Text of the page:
On Mon, Nov 14, 2005 at 08:12:06AM +0100, Peter Vandenabeele wrote:
> On Sun, Nov 13, 2005 at 05:38:59PM +0000, Philip Hands wrote:
> > You should be careful not to give the impression that you are charging a
> > license fee though -- you are allowed to charge a fee for the copy of
> > the programs, or for the service of installing them, but not for the
> > licenses (in the case of the GPL software at least, which covers most of
> > the software in question)
> My understanding was different.
> Indeed, in GPL you are only allowed to charge for the price of the physical
> copy (the CD, the shipment cost) when you are asked to provide the sources
> after you already delivered the program (e.g. in binary format).
Yes, as mentioned in the "Selling Free Software" document to which I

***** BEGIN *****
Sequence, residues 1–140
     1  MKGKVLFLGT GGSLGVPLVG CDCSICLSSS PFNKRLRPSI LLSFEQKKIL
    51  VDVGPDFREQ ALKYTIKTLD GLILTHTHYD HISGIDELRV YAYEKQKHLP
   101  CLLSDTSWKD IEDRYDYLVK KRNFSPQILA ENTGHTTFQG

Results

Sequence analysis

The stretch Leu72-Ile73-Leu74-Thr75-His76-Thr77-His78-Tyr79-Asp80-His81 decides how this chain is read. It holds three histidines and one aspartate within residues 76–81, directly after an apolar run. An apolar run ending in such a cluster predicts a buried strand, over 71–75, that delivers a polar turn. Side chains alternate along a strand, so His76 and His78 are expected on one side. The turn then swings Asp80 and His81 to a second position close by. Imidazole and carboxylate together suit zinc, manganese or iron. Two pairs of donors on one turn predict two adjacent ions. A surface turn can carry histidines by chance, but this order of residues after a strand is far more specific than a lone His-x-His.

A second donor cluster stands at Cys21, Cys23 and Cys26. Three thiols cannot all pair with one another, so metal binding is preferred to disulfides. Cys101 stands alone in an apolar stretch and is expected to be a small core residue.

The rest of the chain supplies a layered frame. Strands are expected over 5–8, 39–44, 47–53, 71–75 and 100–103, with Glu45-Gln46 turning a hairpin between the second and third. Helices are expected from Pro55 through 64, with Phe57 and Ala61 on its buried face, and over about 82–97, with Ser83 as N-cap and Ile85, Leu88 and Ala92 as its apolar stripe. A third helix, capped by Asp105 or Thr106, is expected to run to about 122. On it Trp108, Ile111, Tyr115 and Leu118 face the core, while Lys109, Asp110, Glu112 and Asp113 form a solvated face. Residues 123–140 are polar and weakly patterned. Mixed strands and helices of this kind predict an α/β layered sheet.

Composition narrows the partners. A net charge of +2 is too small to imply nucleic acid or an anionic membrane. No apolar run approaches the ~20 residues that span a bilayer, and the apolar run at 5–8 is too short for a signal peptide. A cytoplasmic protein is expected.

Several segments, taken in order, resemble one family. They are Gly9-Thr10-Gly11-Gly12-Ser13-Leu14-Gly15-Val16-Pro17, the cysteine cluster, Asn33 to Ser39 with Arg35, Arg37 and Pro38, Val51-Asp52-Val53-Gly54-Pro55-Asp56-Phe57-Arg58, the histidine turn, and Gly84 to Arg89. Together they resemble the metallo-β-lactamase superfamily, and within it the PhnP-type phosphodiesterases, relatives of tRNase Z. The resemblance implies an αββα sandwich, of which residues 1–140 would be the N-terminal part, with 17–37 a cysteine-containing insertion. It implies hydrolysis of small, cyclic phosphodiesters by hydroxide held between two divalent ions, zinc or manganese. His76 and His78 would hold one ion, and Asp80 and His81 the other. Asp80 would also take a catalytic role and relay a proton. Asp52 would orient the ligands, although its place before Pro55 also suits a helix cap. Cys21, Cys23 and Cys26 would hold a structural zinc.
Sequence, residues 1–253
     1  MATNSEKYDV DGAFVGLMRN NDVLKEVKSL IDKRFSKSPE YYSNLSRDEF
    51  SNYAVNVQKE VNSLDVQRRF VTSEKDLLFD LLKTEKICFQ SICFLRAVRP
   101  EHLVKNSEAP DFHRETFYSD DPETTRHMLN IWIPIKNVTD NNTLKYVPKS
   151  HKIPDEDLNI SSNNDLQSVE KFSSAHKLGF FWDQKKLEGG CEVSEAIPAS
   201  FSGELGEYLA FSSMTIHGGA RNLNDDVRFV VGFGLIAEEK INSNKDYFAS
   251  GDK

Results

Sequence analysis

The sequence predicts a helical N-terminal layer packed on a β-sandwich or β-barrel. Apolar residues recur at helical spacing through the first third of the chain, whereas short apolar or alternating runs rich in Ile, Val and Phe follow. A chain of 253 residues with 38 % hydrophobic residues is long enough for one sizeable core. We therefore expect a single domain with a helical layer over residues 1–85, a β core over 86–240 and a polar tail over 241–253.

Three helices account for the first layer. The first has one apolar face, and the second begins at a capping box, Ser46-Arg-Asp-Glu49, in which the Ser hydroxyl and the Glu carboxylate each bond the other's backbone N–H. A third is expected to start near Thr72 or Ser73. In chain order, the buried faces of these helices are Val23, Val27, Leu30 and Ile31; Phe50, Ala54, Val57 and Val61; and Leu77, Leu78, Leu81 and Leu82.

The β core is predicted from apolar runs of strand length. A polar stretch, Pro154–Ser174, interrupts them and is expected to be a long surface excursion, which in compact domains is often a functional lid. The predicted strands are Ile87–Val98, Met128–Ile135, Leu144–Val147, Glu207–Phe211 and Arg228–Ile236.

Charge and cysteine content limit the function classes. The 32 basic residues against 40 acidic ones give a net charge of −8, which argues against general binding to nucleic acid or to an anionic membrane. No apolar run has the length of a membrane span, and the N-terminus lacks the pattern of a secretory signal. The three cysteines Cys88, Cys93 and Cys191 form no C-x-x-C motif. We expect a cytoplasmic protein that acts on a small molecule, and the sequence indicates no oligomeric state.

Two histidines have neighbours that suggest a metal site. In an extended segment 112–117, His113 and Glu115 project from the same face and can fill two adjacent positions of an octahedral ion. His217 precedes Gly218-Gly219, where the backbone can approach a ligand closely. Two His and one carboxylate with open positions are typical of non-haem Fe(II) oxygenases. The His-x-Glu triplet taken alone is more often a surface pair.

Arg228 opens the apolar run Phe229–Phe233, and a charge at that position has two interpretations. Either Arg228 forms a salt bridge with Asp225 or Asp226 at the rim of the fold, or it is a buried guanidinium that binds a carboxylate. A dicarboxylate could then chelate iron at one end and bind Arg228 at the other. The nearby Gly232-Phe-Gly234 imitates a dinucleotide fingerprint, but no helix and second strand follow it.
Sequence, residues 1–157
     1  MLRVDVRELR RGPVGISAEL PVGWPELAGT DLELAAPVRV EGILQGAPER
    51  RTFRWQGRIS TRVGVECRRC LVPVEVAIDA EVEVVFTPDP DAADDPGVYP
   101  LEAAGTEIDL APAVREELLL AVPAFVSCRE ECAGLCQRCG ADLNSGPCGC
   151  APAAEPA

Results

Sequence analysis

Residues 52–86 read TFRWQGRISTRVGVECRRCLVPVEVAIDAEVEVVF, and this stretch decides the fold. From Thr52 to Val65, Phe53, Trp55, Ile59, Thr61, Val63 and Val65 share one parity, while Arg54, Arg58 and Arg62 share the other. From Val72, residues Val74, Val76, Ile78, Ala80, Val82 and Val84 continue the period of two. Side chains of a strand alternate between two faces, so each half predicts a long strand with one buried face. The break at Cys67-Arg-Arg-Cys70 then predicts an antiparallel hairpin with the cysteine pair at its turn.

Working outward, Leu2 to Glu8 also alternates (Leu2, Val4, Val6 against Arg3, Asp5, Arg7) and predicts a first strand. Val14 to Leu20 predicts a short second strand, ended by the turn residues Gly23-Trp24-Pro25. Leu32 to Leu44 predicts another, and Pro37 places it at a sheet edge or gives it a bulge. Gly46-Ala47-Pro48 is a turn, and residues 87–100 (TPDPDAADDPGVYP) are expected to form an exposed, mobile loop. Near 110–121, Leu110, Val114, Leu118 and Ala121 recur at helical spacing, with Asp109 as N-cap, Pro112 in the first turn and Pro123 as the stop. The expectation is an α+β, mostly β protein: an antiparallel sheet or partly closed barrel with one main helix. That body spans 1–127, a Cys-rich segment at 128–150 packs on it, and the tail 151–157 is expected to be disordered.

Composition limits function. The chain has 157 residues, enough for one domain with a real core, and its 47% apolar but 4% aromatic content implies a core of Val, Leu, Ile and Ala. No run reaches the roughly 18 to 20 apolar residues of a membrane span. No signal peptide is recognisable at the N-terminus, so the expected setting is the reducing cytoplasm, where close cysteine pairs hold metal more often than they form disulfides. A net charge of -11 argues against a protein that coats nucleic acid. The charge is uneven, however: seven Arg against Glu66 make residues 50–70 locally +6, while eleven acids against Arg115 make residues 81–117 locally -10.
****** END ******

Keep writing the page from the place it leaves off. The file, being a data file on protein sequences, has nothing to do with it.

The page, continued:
referred, this is the only case in which you are restricted in the
amount you can charge for a copy of a GPLed program. If you were always
providing the source along with the binaries no such limit on the charge
The fact that you are charging for a copy of a program and it's source
does not mean that you are charging for the license.
Clause 2.b) of the GPL reads:
You must cause any work that you distribute or publish, that in
whole or in part contains or is derived from the Program or any
part thereof, to be licensed as a whole at no charge to all
third parties under the terms of this License.
so you're not allowed to charge for the license. The reason being that
if you were supposedly charging for the license then the implication
would be that the recipient would have to pay you again to get a second
license, which is not the case.
> But initially (before you have not delivered any part of the program), you
> can charge any price for the program, as long as you obey with GPL and only
> relicense the program under GPL to the customer.
You can do that repeatedly if they feel like paying you for it, but what
you're charging for is the act of distribution, not the license.